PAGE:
Lucerne, Switzerland

Lucerne is a gorgeous city that lies in the north west corner of Lake Lucerne in Switzerland. My wife and I have visited on three occasions, and of those, we were lucky enough to have sunshine on one day! We have travelled quite extensively in Switzerland, because we love the country and we have always found the people to be friendly and helpful. In the main, people will switch to speaking English as soon as they know where you are from. In fact, I walked into a bar in Interlaken, hadn’t said a word, and the barmaid immediately spoke to me in English. I thought someone must have secretly tatooed ‘British’ on my forehead! Also, while waiting in a queue in a supermarket, I noticed the shop assistant speaking to other people in other languages. When it was our turn, I asked her how many languages she knew, and she said five! Obviously, that included English! I don’t think you would find many shop assistants in the UK who could speak more than English! Does that signify a problem with our education system, and is it also because we are an island? Anyway, I digress! Here are this post’s photographs of Lucerne. I hope you like them!

Church of St. Leodegar (Lucerne Cathedral)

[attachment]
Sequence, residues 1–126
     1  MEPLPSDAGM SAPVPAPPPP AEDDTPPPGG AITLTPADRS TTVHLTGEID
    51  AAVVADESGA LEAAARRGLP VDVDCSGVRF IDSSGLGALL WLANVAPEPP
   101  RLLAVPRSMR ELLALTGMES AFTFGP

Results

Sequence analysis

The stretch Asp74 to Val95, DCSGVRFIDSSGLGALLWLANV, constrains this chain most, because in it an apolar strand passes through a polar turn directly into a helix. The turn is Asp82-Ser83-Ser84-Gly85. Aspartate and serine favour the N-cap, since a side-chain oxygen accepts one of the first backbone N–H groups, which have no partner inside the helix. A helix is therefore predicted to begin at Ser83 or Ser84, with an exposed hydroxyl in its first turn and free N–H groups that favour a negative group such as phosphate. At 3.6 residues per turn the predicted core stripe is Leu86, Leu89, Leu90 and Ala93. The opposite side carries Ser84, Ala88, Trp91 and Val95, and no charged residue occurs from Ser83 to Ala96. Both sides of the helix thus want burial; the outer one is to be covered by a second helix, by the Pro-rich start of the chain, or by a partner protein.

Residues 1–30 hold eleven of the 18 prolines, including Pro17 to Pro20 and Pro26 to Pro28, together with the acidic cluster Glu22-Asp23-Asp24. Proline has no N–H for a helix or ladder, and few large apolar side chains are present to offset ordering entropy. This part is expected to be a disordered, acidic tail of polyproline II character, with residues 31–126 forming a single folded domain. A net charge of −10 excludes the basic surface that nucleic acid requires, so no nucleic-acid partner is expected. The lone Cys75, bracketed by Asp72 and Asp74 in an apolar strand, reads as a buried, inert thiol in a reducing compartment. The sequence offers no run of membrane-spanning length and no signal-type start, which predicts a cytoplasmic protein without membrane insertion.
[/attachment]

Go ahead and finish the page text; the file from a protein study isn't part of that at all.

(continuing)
View looking towards Lake Lucerne from the River Reuss

Looking towards Lucerne Cathedral

The Old Town

The Chapel Bridge (circa 1300) and Tower (circa 1270)

Rathaus (Town Hall) Tower

Street Trader in Lucerne

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15 thoughts on “Lucerne, Switzerland

    • Ha! Ha! Xandre, I am a Scot living in England, in the far north where it’s cold and cloudy more than it is warm and sunny, so one day of sunshine wherever I go is fab! Wish I had as much sunshine as you get though, you lucky thing!

  1. Sure looks like a beautiful and fun place…Loved your photographs.

    I understand what you are saying about our educational systems…We all should be fluent in other languages or atleast one other language.
    In America, we used to have to take two years of another language. I’m not sure what the policy is now, but two years is not enough time to be fluent…It is just an exposure to another language.

    • Thanks, Dorothy! I suppose a two year exposure is enough to build on if an individual really wants to take it further, or is going to visit a country where that language is spoken. I do think schools have to be much more selective about teaching languages that are spoken over many countries. Chinese seems to be a growing favourite at the moment!



  2. Pingback: Lucerne Switzerland

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